Treasure Chest | Nov 12 2021
This story features ALLIANCE AVIATION SERVICES LIMITED, and other companies. For more info SHARE ANALYSIS: AQZ
FNArena's Treasure Chest reports on money making ideas from stockbrokers and other experts. Alliance Aviation is primed for a resurgence in domestic flights and concerns about the deployment of its E190s have eased
-Underperformance primarily related to concerns over the deployment of new E190s
-Alliance Aviation services with Virgin Australia nearing pre-pandemic levels
-Progress being made on expansion of FIFO opportunities in Western Australia
By Eva Brocklehurst
As the aviation industry welcomes the re-opening of borders, Alliance Aviation ((AQZ)) is primed for action, with the deployment domestically of its E190 fleet. A delay in aircraft deployment had been of major concern, as NSW and Victorian lockdowns ensued in July and August.
Restrictions resulted in just five E190 aircraft being deployed by the end of the first quarter compared with an initial target of 11. Now there are 13 that should be deployed by the second quarter, just one less than the prior target of 14.
Furthermore, with contract flying being the company's core business, growth has been assured through the renewal of existing contracts that have increased scope, as well as the writing of new contracts amid general increases in aviation activity.
As the acquisition of the E190 fleet is completed net debt should peak at the first half result, Morgans points out. The board is also expected to resume paying dividends with the full FY22 result.
Management has signalled short-term charter services will continue at current levels subject to availability, while full deployment is anticipated in FY23 when Alliance Aviation will operate with 72 aircraft.
Wet leasing (whereupon Alliance supplies the aircraft and crew to other airlines) will take up most of the new capacity and the company expects 12-16 aircraft will be operating on these services by the end of March 2022.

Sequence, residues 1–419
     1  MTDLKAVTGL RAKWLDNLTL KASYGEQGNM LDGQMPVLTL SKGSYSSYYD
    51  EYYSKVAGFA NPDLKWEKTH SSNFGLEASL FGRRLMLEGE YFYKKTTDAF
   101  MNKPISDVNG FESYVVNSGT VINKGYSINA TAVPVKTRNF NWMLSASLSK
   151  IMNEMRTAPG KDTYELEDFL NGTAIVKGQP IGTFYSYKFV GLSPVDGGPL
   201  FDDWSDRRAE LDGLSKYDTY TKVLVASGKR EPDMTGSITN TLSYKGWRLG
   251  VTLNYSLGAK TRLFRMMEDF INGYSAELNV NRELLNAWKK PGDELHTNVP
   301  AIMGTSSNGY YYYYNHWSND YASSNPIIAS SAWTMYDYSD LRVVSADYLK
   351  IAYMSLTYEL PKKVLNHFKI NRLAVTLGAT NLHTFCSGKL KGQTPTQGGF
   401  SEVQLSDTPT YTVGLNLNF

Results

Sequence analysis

Moreover, this includes a recovery in services to Virgin Australia, which is close to returning to pre-pandemic levels. Morgans also highlights the company has eliminated the commercial risk on regular travel routes and will operate via a code-share agreement with Virgin Australia.
The wet lease agreement with Qantas ((QAN)) is also progressing as that airline has committed to eight aircraft and Alliance is confident the final 10 will be called on. The initial eight will operate from the Alliance bases in Adelaide, Darwin and Townsville, servicing 13 new domestic routes.
Qantas has been quoted as stating it intends to operate at 120% of pre-pandemic domestic capacity by April 2022. This leads Morgans to upgrade estimates, having noted Alliance Aviation has underperformed the broader market since its FY21 result.
Given a materially higher utilisation rate of the E190 under a Qantas wet lease agreement (around three times a Fokker fleet) the broker also suspects its earnings expectations may provide conservative.
The recent underperformance in the share price is primarily attributed to delays regarding the deployment of the fleet. Domestic policies on borders will still need to be monitored but Morgans is confident the company is on track.
Wilsons assesses the main concerns have arisen from anticipated delays in the deployment of E190s by Qantas, largely because of misconstruing that airline's fleet renewal plans.
Concerns are being excessively discounted in the share price of Alliance Aviation as a wet lease arrangement offers a low-cost solution for Qantas, the broker points out, considering the capital cost of aircraft.
There were reports that Qantas was studying the possibility of the Airbus A220 and Embraer 2 to replace a regional fleet of 20 Boeing 717s and 18 Fokker 100s. Realistically, Wilsons suspects this is more about forward planning for the renewal of the existing internal fleet rather than internalising activity from a third-party such as Alliance.
Alliance has one aircraft on dry lease (for which the airline uses its own crew). A second dry lease contract is close to being executed and others are being evaluated.
Wilsons notes earnings per aircraft increased through the second half of FY20 and the first half of FY21 before returning to more normal levels in the second half of FY21. While the broker has lowered estimates for FY22 operating earnings because of the reduced operating timetable, the outer year forecasts are broadly unchanged.
Progress is being made on the FIFO opportunities in Western Australia and tenders have been served that offer to take a total five new aircraft to that market. Wilsons notes this could mean Alliance will be in a position to relocate five Fokker aircraft and backfill services with its E190s.
Wilsons, not one of the seven stockbrokers monitored daily on the FNArena database, recently upgraded to Overweight with a target of $4.50, having noted the share price had materially declined from recent highs. FNArena's database has three Buy ratings for Alliance Aviation, with a consensus target of $5.20 that suggests 25.3% upside to the last share price.
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